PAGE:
Senators are spending more and more time each year when they are up for reelection creating these trust funds for wealthy broadcasting corporations instead of doing the work the voters sent us here to do. This is not good for our democracy. Our democracy cannot afford to let this system continue.

The plan Senator Specter and I have introduced is simple and constitutional. In order to receive Fair Election funds, candidates first have to prove they are real candidates. It isn't enough to think you are going to run; you have to have some support. People have to believe you are a real candidate. You prove that by, as a candidate, collecting a minimum number of small contributions.

What does it mean? You have to be a fundraiser, and in my State of Illinois, it would mean you would have to have 11,500 $5 contributions. I think that a person who is not a serious candidate would have a tough time raising 11,500 contributions in a State such as Illinois, but it is worth the effort because if you can raise that to prove you are a viable candidate, you can qualify for these funds to run your election campaign.

What happens if you are running against a millionaire or a billionaire? And believe me, a lot of political parties spend time searching for these so-called self-funders, people who pay for their own campaigns. Or what if you get caught in the crosshairs of some shadowy attack group that has decided they are going to take you on by running ads against you? In that case, the candidate who has agreed to be part of the Fair Elections financing can receive additional funds to level the playing field. All candidates who voluntarily agree to abide by Fair Elections rules will receive vouchers for free TV time and discounts on additional TV-radio time.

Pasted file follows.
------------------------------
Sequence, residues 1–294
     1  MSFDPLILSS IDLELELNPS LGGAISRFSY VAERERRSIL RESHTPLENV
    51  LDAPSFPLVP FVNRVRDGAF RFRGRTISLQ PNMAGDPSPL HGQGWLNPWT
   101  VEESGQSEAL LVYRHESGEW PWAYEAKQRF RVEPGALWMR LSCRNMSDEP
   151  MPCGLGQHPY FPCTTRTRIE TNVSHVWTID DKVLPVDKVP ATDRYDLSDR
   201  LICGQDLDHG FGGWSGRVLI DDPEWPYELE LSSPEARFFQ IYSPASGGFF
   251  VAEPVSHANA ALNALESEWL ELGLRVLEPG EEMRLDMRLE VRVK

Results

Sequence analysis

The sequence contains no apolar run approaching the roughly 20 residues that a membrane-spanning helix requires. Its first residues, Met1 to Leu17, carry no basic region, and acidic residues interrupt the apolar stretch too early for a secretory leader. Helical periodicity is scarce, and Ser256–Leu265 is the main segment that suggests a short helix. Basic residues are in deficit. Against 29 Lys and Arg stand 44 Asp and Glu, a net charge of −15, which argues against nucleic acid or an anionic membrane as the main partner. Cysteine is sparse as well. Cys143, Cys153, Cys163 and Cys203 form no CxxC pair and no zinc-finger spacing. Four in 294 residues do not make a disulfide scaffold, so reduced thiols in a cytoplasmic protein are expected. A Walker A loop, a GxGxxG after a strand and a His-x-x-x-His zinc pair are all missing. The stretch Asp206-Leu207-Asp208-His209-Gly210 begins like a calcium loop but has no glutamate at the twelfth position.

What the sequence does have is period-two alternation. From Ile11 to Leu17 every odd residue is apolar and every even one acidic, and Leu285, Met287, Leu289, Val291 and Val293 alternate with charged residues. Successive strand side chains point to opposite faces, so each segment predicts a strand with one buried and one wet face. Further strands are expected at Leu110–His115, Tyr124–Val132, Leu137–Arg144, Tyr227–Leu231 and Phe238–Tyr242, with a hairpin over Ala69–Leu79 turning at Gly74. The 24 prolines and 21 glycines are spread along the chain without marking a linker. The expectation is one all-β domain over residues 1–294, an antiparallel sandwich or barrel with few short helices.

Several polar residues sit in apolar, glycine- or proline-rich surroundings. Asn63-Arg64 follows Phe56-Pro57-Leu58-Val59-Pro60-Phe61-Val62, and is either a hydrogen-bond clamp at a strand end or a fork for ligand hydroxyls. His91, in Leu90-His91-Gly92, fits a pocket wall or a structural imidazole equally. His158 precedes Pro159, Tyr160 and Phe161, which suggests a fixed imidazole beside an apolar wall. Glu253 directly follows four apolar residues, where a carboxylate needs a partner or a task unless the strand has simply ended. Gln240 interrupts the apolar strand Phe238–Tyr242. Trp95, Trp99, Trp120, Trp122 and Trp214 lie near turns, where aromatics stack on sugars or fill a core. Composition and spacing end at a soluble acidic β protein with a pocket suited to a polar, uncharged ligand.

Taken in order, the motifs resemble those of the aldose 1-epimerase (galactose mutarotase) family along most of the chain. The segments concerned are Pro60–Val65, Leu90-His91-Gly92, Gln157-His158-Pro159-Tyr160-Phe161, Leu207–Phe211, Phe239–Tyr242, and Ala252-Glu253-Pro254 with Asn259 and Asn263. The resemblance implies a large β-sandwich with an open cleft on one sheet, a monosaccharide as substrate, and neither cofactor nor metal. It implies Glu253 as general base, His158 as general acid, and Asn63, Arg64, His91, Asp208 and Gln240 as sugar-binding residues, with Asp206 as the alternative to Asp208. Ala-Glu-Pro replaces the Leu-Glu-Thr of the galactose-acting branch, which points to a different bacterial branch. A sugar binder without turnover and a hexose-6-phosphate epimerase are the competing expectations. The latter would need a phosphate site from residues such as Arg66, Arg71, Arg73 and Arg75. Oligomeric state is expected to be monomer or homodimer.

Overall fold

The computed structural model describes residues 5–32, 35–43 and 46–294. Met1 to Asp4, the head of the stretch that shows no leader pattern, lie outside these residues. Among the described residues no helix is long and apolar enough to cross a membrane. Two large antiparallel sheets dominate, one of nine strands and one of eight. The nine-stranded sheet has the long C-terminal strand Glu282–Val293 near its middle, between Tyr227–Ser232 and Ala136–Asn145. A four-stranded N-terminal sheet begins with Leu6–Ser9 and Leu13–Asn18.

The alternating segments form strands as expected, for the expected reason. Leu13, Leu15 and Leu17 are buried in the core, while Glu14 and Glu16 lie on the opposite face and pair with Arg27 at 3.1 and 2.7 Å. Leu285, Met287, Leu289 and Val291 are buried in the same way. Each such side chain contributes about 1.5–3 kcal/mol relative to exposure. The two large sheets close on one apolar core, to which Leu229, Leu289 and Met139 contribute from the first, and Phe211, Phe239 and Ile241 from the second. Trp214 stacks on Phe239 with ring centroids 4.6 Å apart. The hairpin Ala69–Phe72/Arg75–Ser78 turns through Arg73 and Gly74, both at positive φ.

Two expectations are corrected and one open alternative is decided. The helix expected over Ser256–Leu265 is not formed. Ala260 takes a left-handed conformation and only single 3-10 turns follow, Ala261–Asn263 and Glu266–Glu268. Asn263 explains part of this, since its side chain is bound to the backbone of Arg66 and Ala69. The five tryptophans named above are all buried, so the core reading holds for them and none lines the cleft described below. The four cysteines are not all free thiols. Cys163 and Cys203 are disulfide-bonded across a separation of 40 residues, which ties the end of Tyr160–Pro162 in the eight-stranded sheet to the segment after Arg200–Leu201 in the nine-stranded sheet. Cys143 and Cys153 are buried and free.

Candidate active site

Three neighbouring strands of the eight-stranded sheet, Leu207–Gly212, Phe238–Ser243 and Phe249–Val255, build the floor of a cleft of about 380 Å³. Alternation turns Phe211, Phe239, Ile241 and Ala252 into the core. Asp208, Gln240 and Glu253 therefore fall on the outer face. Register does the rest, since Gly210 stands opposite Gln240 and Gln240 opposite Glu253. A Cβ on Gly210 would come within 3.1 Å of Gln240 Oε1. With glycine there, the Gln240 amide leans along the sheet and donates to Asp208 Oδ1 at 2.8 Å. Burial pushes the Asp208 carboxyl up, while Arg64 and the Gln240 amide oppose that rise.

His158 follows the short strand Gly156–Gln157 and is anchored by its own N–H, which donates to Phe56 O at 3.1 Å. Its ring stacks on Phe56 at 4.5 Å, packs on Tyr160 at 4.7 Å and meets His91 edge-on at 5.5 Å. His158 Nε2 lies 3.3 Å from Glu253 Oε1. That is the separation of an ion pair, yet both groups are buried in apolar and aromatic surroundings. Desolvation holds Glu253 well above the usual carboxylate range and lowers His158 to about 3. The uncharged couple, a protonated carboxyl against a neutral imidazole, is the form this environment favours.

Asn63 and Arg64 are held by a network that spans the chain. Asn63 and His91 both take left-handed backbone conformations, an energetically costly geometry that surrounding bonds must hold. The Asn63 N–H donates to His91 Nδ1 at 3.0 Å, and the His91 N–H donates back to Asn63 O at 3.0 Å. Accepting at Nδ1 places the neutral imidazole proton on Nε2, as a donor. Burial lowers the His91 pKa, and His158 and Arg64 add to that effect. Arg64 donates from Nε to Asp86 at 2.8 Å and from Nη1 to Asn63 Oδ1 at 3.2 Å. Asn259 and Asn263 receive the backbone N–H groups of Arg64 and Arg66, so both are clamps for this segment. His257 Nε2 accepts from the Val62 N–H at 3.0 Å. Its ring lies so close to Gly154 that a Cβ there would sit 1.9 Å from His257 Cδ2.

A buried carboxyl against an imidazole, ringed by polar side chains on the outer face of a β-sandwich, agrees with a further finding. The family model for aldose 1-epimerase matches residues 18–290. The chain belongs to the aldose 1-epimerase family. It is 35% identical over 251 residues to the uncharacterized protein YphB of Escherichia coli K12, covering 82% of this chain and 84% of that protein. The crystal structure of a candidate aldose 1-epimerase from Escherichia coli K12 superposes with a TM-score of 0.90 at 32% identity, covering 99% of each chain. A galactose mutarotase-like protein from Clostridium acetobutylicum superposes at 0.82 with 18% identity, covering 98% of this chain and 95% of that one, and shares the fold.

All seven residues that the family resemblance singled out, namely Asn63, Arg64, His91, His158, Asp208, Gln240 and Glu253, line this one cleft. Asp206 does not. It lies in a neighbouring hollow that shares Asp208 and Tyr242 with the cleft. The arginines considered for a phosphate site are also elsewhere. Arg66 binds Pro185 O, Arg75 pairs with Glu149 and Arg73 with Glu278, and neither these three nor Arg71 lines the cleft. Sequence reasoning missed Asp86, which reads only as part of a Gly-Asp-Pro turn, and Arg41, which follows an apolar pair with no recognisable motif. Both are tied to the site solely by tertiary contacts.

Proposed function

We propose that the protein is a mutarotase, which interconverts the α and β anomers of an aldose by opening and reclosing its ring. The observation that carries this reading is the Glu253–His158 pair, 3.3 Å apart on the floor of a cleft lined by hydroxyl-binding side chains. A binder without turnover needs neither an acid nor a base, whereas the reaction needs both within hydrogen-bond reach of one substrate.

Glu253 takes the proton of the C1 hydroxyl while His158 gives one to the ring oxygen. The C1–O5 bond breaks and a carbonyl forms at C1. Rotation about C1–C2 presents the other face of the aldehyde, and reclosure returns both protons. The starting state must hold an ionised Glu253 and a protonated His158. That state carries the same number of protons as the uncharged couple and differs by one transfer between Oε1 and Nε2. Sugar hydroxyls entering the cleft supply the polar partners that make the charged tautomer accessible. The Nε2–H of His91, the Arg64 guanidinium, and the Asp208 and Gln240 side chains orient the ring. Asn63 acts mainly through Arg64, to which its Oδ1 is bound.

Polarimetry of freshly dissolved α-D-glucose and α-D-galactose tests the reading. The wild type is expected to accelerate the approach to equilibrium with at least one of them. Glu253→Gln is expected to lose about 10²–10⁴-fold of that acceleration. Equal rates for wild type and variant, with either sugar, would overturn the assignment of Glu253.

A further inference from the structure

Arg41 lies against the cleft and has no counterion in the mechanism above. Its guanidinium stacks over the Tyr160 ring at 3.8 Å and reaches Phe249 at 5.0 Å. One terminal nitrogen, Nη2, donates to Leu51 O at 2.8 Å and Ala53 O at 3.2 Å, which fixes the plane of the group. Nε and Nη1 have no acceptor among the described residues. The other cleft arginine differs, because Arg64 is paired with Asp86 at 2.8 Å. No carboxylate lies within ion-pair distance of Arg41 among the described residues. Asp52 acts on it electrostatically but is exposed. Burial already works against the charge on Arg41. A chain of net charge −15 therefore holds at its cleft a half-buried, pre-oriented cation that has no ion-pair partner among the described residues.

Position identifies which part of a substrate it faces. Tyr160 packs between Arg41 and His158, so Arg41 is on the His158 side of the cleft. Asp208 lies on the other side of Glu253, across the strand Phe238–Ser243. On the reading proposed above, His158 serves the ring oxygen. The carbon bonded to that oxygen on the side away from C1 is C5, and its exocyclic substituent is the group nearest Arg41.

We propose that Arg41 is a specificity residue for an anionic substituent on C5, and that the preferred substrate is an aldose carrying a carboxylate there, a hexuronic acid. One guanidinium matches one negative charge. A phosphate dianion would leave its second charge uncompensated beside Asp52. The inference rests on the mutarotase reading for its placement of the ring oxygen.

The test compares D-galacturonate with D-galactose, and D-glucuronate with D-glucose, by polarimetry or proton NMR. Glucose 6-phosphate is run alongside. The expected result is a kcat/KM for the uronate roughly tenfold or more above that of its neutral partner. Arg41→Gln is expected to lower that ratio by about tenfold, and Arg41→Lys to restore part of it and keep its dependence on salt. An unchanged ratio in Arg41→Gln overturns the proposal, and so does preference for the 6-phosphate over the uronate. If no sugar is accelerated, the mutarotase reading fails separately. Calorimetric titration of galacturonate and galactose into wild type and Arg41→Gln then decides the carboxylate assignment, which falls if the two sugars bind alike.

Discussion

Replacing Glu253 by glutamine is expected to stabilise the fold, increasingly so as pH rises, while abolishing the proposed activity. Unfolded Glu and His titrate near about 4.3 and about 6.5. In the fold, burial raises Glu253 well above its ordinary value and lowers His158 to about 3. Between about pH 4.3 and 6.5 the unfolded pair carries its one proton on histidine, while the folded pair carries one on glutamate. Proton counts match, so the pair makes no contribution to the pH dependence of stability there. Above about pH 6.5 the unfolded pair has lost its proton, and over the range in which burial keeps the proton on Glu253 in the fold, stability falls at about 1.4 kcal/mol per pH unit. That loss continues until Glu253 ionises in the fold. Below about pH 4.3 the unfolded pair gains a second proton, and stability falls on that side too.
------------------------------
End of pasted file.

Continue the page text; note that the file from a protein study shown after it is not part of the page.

That is a major way in which our plan will help slow the explosive growth of campaign spending. The only thing the Fair Elections candidates cannot do is accept private, special interest or big-donor funds. With the exception of those 11,500 contributions of $5, you are not in the fundraising business. Maybe a few startup funds, but by and large, the qualifying $5 contributions is the end of your campaign fundraising.

This is not a naive, idealistic, over-the-Moon theory. Some of the programs are already working in Maine and Arizona. They were enacted by public referenda. They went to the voters of those two States and said: Do you want a shorter, cleaner, and fairer campaign? And the voters said "yes.''

They were enacted by public referenda, and they have been sustained through election cycles because they are producing shorter and better campaigns. They are producing better debates in place of a terrible avalanche of political ads that we see almost everywhere. Fair Elections in Maine and Arizona are helping those States pass the kinds of reforms Americans want, such as affordable health care.

Fair Elections are bringing new faces and new ideas into politics. They are helping level the playing field between incumbents and challengers because we see, under this system, the incumbent Senator doesn't get any more money than the challenger. They get the same amount of money, fair play.

Some may wonder why Senator Specter and I would support a system that weakens the incumbent advantage. The answer is simple: We believe that America needs a system that rewards candidates with the best ideas and principles, not just the person who is the most talented in raising special interest money.